As a special present for Beverly Cleary’s 100th birthday in April, HarperCollins has re-released three of her most beloved books with illustrations by Jacqueline Rogers and forewords by some of her most famous fans.
The books also include a rare interview with the author herself, who has spoken to the media only once since 2011, to Oregon Public Broadcasting.
Cleary is the award-wining author of more than 35 books for children and young adults, and two memoirs. She also created some of the most iconic characters in children’s fiction.
That includes the fearless Ramona Quimby and irreverent Henry Huggins, characters Cleary created to give children the kinds of books she had searched for but never found on library shelves in Portland, Ore., when she was young.
Birthday celebrations for Cleary, who now lives in California, are already planned at libraries in Oregon and Salt Lake City.
“She’s the gold standard and there will never be another Ramona, for sure,” said Grace Kendall, a children’s book editor at Farrar Straus Giroux.
“Those were some of the books that got me and kept me reading.”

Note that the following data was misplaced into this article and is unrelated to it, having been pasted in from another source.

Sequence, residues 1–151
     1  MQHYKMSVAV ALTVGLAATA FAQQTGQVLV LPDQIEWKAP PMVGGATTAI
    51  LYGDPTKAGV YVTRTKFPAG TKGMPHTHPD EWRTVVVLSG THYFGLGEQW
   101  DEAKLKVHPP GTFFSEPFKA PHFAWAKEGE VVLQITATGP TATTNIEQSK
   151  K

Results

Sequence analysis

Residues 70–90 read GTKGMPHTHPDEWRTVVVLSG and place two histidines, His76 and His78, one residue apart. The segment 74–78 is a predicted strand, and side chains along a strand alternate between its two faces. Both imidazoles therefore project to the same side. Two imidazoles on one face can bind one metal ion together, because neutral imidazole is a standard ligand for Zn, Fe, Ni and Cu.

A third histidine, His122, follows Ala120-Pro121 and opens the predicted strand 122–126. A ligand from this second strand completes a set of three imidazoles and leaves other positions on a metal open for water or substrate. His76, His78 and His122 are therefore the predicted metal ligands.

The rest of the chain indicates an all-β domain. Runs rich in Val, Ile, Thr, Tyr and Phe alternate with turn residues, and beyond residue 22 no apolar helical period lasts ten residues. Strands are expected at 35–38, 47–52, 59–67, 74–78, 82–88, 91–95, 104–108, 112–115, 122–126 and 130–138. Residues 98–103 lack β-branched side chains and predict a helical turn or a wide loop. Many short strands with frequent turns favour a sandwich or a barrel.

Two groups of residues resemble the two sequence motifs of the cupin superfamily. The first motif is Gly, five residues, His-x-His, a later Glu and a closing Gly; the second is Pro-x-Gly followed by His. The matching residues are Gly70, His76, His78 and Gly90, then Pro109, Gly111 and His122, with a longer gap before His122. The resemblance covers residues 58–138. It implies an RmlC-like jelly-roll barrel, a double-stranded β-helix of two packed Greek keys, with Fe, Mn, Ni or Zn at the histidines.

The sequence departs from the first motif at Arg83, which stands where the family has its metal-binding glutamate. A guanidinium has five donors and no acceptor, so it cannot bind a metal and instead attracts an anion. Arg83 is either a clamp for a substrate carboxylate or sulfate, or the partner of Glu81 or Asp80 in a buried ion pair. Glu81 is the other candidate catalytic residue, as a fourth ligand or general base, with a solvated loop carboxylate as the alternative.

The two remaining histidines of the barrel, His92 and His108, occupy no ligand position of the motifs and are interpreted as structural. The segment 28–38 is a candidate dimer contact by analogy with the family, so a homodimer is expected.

Ramona first appeared on the page in 1955, but the magic of Cleary’s writing is that she captures the universal experiences of childhood, Kendall said.
“To me it’s not so much about the time period, it’s about being human.”
Here’s a look at what her famous fans had to say about Cleary.
Actress Amy Poehler
On Ramona Quimby, Age 8
“In today’s world, where people are always searching for ‘strong female characters,’ Mrs. Cleary was ahead of her time. Ramona was a pest! She was irascible and uncompromising! She was allowed to be angry and was not afraid to stand up to boys!”
Author Kate DiCamillo
On The Mouse and the Motorcycle
“I had read Beverly Cleary’s book The Mouse and the Motorcycle, and I knew that the objects and people and mice of the world were not at all as they seemed on the surface. I knew that, in the right circumstances, mice could do impossible, improbable things. For instance, they could ride motorcycles.”
Author Judy Blume
On Henry Huggins
“I wish I’d had Beverly Cleary’s books to read when I was growing up. But by the time Henry Huggins was published I was twelve years old and thought of myself as too grown up for children’s books. Big mistake! I’m just glad I got to read them when I was starting out as a writer. I’m not sure there would be a Peter and Fudge if I hadn’t.”